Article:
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Tuesday, February 1, 2011

The Last Refuge of an Abominable Scoundrel Who Kant be serious

As a totally accidental byproduct of the research I have done over the past 24 hours about the allusions to Hamlet in Mansfield Park, a little gem fell into my lap, which I will pass along:

In "Jane Austen's Englishness: Emma as national tale", Persuasions (2008), the late Brian Southam acutely picked up on the applicability of Johnson's (perhaps) most famous line to _Emma_ thusly:

"The ghost of Johnson is glimpsed once more in the scene--in technique, a travesty--in which Churchill sets out to establish his credentials as "'a true citizen of Highbury'" with a "'burst,'" as he puts it, "'of my amor patriae,'" purchasing gloves at the village shop. Emma responds half jokingly, expressing her admiration for Iris show of "'patriotism'" (200). But the joke is more than double-edged. As Boswell reminds us, Johnson dismissed "Patriotism" as "the last refuge of a scoundrel" (2.348), a sentiment much repeated and fresh in the mind of Regency England. As for amor patriae, resisting Churchill's suave plausibility, readers of Jane Austen would feel perfectly at home with Hazlitt's recently-delivered formulation, Johnsonian in tone, "the love of liberty, of independence, of peace, of "social happiness."


The little gem that fell into my lap was I thereby realized that there is one beautiful additional textual wink by Jane Austen, which Southam did _not_ notice, but which seals the deal in terms of confirming that JA indeed was intentionally alluding to that very famous Johnsonian dictum. Here it is:

In Chapter 49, Knightley, speaking to Emma right after she is surprised to learn that he already knows about Jane and Frank's engagement, but right before Knightley proposes to Emma, says something curious to Emma:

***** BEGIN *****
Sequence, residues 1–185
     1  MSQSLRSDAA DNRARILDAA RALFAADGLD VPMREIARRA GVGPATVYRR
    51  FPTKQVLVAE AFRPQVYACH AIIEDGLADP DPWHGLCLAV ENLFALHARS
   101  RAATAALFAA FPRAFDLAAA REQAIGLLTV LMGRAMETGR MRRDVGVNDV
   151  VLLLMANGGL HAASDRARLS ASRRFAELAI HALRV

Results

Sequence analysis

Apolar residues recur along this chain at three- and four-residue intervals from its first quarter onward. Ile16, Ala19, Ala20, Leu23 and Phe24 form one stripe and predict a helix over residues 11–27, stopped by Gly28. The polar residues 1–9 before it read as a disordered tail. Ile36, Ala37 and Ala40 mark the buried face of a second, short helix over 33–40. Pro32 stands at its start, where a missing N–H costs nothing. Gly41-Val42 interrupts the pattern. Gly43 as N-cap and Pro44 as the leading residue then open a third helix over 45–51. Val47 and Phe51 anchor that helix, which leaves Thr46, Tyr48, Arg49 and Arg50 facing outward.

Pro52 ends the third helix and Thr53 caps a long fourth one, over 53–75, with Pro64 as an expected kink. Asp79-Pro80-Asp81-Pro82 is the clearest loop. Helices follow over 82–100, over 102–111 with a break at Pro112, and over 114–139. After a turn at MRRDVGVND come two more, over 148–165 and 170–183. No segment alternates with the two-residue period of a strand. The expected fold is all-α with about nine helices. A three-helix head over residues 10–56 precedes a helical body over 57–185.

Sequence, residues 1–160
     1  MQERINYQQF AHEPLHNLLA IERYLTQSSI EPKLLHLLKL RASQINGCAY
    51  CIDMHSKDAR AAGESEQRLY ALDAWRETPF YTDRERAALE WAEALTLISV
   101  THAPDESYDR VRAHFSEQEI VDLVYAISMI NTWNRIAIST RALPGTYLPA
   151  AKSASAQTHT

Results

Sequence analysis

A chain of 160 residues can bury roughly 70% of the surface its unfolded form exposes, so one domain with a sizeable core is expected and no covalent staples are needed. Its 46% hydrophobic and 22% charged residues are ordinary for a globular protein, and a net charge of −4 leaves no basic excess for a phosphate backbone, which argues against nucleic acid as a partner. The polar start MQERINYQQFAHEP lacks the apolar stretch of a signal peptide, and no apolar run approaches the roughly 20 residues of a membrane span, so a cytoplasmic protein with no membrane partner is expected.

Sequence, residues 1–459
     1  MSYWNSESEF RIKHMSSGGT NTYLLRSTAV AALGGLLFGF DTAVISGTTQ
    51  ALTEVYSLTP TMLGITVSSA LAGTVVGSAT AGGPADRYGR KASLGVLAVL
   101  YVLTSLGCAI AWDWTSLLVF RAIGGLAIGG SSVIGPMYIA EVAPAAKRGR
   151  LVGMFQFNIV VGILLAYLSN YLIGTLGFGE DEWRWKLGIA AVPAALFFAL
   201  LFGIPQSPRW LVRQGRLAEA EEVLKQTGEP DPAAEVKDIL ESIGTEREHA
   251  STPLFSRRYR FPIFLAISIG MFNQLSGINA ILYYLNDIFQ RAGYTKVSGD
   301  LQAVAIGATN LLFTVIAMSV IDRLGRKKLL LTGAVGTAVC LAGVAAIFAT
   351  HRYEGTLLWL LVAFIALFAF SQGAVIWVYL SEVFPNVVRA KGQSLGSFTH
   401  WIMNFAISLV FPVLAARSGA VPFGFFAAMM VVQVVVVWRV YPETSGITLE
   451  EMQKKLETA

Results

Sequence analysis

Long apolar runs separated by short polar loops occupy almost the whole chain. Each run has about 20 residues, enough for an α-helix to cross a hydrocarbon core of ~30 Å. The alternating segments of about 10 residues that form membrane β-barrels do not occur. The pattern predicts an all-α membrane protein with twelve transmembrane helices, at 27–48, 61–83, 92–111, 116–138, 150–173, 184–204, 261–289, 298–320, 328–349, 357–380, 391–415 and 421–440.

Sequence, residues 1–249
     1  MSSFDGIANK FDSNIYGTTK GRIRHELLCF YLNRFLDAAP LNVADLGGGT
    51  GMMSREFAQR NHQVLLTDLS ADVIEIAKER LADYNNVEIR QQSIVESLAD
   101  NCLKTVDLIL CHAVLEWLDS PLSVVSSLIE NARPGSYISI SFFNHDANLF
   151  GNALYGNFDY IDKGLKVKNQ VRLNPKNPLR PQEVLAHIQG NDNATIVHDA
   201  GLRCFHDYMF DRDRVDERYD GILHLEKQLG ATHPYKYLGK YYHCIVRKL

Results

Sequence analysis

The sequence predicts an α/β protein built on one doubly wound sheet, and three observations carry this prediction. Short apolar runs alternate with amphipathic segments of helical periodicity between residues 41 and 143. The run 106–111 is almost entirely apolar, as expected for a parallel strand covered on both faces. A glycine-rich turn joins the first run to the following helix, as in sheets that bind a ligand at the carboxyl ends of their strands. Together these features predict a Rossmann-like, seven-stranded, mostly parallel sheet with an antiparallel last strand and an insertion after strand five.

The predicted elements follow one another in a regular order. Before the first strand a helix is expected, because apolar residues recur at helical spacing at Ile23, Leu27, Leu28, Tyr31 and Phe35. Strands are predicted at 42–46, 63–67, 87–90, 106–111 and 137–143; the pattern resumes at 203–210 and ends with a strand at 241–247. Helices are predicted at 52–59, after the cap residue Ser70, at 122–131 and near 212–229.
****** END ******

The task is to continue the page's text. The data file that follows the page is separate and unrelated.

"Her arm was pressed again, as he added, in a more broken and subdued accent,'The feelings of the warmest friendship--Indignation-Abominable scoundrel!"

The normative interpretation of Knightley's statement is that he is thinking about Frank having broken Emma's heart. And I suggest that knowing that the word "scoundrel" is connected to Frank in that other Johnsonian way adds extra power to Knightley's mutterings, as of course Johnson, of whom Knightley indisputably is a representation, would, if he had overheard Frank's false bravado about "amor patriae", would instantly have categorized Frank as one of those scoundrels taking refuge in false patriotism!


Now, however, what is _most_ curious to me about Knightley's saying these particular words is that (as I pointed out during a Q&A at one of the plenary addresses at the JASNA AGM about Emma in Vancouver in 2007) they are all words which appear in very similar form in Frank's letter to Mrs. Weston. And why is that curious? Because it is a letter which Knightley will not (we are told) read it until Chapter 50, when he debriefs that letter with Emma as if he has never read a word of it before!

For my (complicated) explanation, I refer you to my book....

Cheers, ARNIE

P.S.: This gem fell into my lap because I had been searching for the words "ghost" and "Austen" in the same document, and Southam's article popped up because of his colorful phrasing, "The ghost of Johnson is glimpsed once more in the scene"!

P.P.S. to Mark only:

Mark, I just wanted you to know that, in researching the writing of the above message, I just stumbled upon a very tasty "bread crumb" in the text of that English edition of some of Kant's writings which I mentioned in one of my last Kant-related posts. This bread crumb is strong, indeed extraordinary, evidence that JA read it--it turns out to be something I have had in my files for several years, but completely forgot about, because it did not seem to connect to anything else.....until I found it by accident while putting together the above post --and then it hit me right between the eyes!

(and those, by the way, are the only hints I will give, for now, as to the quote itself--but it is enough for you to find it if you know your Kant really well, and want to spot it)

And while It also happens to dramatically support one of my interpretations of the shadow story of Emma as well, it opens a very interesting door into normative readings of Emma as well. It is not esoterica, this goes to the heart of the story of Emma, which turns out to be quite Kantian. But, notwithstanding what I have gathered so far from your 250-page unpublished manuscript, it is _not_ about Emma herself at all! It is about a part of the story that she _thinks_ she understands, but really has no clue about. It is about other characters int the novel, engaged in actions she is not involved with.

So thanks again for sensitizing me to be serious in my lookout for some Kant (but never "cant") in JA's writings! ;)

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